Bob, there are issues.
First, what gait are we talking about? The running walk is a WALK. It uses the same muscles and the same sequence as a "dog walk." The only thing that changes is the cadence (i.e., the frequency of the steps). So building muscle for walk, by definition, builds muscle for running walk (and the flat walk).
If you're dealing with a different gait (pace, stepping pace, foxtrot, etc.) the you have a different issue. The issues are related, however, and walking with these other gaits to build overall strength is a Good Thing. Specialization, for a horse coming off a long layoff, is not required.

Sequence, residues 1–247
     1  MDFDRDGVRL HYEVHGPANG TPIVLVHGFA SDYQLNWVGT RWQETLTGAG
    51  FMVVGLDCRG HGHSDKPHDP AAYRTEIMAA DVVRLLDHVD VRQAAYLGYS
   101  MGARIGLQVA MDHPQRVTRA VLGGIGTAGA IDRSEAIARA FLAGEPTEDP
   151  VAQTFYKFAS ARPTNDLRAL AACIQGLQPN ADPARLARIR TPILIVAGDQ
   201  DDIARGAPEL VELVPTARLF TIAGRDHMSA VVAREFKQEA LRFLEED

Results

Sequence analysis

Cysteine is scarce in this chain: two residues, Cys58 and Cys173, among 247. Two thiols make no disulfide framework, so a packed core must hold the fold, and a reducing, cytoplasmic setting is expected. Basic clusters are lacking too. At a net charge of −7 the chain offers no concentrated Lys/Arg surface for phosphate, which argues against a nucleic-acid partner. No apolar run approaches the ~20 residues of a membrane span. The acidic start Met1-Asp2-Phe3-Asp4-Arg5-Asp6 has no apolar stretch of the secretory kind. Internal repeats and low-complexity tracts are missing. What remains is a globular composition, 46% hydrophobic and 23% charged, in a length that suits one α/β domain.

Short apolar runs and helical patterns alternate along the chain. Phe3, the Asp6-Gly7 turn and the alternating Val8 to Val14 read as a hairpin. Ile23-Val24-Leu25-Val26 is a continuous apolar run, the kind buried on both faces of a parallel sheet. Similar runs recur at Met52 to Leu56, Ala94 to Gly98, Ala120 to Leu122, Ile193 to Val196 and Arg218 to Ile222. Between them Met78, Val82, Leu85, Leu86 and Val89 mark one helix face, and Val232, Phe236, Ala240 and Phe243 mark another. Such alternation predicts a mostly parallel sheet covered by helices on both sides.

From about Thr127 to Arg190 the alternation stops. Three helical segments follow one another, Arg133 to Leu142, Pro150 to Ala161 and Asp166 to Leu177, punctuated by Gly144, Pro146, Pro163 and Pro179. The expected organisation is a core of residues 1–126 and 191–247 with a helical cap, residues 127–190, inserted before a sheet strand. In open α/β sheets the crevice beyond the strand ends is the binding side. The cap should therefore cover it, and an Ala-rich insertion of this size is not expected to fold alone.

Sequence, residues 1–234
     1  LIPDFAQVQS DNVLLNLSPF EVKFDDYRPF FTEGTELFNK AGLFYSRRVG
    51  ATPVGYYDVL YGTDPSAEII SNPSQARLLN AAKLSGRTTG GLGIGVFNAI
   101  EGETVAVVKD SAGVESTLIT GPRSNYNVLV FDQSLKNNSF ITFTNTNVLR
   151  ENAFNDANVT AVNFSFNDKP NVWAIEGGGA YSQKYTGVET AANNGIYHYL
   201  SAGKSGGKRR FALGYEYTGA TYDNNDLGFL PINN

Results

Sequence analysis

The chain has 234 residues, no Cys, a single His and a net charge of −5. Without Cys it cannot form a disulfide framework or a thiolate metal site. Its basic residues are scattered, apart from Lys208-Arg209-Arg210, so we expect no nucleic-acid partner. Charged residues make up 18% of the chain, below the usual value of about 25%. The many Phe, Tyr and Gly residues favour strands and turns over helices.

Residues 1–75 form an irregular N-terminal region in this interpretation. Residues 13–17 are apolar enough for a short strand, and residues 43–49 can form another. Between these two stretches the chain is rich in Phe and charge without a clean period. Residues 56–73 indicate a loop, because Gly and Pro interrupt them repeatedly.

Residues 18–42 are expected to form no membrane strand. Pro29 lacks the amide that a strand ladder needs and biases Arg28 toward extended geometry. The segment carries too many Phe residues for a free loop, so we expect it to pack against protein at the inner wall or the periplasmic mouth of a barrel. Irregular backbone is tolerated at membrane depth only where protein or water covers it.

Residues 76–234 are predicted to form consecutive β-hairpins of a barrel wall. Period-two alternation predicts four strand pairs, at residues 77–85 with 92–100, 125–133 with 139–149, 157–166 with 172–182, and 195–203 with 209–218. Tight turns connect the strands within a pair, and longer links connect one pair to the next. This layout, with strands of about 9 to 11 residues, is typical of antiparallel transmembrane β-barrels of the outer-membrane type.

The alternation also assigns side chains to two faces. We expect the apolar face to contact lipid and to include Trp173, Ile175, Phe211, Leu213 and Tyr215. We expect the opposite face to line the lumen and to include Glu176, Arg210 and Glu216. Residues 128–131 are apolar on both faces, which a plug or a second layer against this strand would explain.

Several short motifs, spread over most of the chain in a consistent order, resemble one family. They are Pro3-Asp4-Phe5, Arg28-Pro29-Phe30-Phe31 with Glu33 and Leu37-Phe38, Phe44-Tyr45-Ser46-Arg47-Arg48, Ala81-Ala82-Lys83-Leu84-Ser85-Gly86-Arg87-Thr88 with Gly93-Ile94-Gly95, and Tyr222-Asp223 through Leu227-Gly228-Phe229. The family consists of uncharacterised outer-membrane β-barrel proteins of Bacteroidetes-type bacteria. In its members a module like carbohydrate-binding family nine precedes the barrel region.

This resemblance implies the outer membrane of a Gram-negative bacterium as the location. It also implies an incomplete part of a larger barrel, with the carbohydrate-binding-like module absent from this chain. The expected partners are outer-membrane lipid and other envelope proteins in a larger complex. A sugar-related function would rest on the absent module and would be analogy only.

Second, a horse that is "naturally gaited" can perform the gait even after a layoff. They will not, however, have the strength or stamina to perform that gait well or for long periods while carrying a rider. So a horse gaiting fine at liberty might well have issues when you put 200 pounds on its back.
Athletes who have been on a "layoff" often need a period of careful conditioning before they resume significant performance. Horses are engaged in athletic performance when they carry a rider. That performance will be on a scale from easy (walking around an arena) to very intense (field jumping, steeple chasing, fox hunting, etc.). Only an idiot would take a horse coming off a layoff and go ride first field. Time is necessary to build the strength and stamina necessary to the discipline in which the horse will work. This is true even if all they are going to do is slow gait down a groomed bridle trail.
Equine safety is co-equal with rider safety when coming off a layoff.